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[1] Robert E. Picirilli, former academic dean and professor of Greek and New Testament studies at Free Will Baptist Bible College in Nashville, Tennessee, has been teaching, preaching and writing Arminian theology for more than 45 years. Since 1983, he has served as the General Editor of The Randall House Bible Commentary and, in that series, contributed the volumes on 1, 2 Corinthians; Ephesians; Philippians; and 1, 2 Thessalonians. His other published works include the books Paul the Apostle, Book of Galatians, Romans, and A Survey of the Pauline Epistles, as well as numerous booklets and articles in denominational publications and theological journals.

Rosh Hashanah – 5777

Be Ministers of Reconciliation

 In this post, we take a break from our series on Eternal Security to observe the first of the fall Jewish feasts of Rosh Hashanah.

Rosh Hashanah:  The Key Is Repentance, Forgiveness and Reconciliation

Biblical References:  B’midbar (Numbers) 29:1–6 and Vayikra (Leviticus) 23:23 – 25 ~ Yom Teruah (The Feast of Trumpets).  In 2016, the holiday begins at sundown on October 3rd.

Rabbinic Change:  Since this is the first Shabbat of the Fall Holidays, it has been considered as the “spiritual” New Year.  Hence the name changed to Rosh Hashanah, “the head of the year.”  It is also considered the anniversary of creation; the sacrifice of Yitz’chak; the release of Yosef from Pharaoh’s prison; and, the birth of Samuel, the prophet.

The purpose and traditional observance of the Holy Day is summed up in one word – regathering.  Since the fall holidays call us to regather to a pure faith in God, Rosh Hashanah has come to represent the Day of Repentance.  It is the day when people of Israel take stock of their spiritual condition and make the necessary changes to insure that the upcoming New Year will be pleasing to God.

The shofar is sounded daily to alert the faithful that the time of repentance is near.  The observance takes on a somber character, yet always with a hint of hope because of God’s forgiveness.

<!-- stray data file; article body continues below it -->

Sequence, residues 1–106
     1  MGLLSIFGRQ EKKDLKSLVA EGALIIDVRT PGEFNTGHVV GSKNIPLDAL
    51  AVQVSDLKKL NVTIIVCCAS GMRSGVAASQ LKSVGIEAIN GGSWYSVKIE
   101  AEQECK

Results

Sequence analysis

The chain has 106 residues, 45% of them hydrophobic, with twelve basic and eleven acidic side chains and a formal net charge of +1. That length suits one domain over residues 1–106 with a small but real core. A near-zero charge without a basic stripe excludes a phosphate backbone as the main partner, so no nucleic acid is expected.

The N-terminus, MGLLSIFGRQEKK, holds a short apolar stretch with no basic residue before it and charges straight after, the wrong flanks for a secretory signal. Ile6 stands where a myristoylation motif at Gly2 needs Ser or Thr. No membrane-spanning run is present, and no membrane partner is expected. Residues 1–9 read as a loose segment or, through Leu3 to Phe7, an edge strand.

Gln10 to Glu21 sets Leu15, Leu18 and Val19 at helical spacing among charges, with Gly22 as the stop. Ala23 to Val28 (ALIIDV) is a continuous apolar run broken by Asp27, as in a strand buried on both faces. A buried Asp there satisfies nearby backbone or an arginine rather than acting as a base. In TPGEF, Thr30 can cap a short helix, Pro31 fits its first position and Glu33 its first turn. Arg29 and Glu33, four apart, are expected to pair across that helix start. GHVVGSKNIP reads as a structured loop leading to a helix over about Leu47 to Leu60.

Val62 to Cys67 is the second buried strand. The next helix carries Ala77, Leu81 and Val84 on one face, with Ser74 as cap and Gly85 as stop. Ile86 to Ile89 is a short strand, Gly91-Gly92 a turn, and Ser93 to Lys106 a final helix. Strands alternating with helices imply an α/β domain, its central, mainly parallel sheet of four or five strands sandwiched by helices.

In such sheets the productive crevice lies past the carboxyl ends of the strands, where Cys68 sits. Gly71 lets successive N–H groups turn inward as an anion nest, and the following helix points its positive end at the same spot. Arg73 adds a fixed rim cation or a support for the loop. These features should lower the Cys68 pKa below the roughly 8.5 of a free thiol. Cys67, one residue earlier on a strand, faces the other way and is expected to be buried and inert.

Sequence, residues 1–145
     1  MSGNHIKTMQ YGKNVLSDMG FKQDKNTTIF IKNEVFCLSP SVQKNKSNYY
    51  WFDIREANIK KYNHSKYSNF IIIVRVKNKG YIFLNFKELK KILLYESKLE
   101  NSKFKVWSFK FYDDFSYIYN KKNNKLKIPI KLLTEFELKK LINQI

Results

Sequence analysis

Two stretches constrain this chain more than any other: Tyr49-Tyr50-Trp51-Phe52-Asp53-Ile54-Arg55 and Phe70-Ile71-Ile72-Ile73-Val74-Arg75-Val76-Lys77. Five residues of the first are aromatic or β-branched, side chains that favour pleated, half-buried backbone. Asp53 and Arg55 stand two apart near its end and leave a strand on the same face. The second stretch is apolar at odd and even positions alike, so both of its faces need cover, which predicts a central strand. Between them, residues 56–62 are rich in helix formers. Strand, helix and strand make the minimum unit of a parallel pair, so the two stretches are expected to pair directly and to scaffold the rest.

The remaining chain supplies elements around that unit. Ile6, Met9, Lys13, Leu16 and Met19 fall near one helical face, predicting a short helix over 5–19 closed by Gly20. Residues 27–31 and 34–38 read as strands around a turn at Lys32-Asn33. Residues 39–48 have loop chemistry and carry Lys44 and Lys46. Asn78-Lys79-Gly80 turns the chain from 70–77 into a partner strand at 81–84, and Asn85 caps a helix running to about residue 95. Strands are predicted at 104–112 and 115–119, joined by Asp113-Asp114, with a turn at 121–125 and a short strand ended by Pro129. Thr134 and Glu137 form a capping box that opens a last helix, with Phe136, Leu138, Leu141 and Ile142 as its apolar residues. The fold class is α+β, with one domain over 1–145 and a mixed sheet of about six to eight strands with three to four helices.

The traditional challah is shaped in a circle to symbolize God’s Kingship and the coming of Messiah.  Sweet honey cakes and apples dipped in honey are a real treat and symbolize the hope of a new sweet year.

Tradition tells of three books that are opened in the heavenly courts during the feast of Rosh Hashanah; one for the completely righteous, one for the completely wicked, and one for the average person.  The completely righteous are immediately inscribed in the book of life.  The completely wicked are immediately inscribed in the book of death.  The average person is kept in suspension from Rosh Hashanah to Yom Kippur (the Day of Atonement).  If they deserve well, they are inscribed in the book of life; if they do not deserve well, they are inscribed in the book of death.  Consequently, the Ten Days of Awe are a time of solemn self-examination with time spent in seeking reconciliation and doing good works in the Jewish tradition.

Since the 15th Century, the ceremony of Tashlich is celebrated in the afternoon of Rosh Hashanah.  The congregation meets at a river or stream.  Special prayers of repentance are recited and a portion of Micah is read.  People then take breadcrumbs and cast them into the water symbolizing that our sins are carried away by the water.